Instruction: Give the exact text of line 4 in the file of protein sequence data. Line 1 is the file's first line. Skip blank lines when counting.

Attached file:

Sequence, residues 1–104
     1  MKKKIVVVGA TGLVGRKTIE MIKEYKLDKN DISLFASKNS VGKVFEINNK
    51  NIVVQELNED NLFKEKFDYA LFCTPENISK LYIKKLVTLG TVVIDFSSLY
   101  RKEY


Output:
   101  RKEY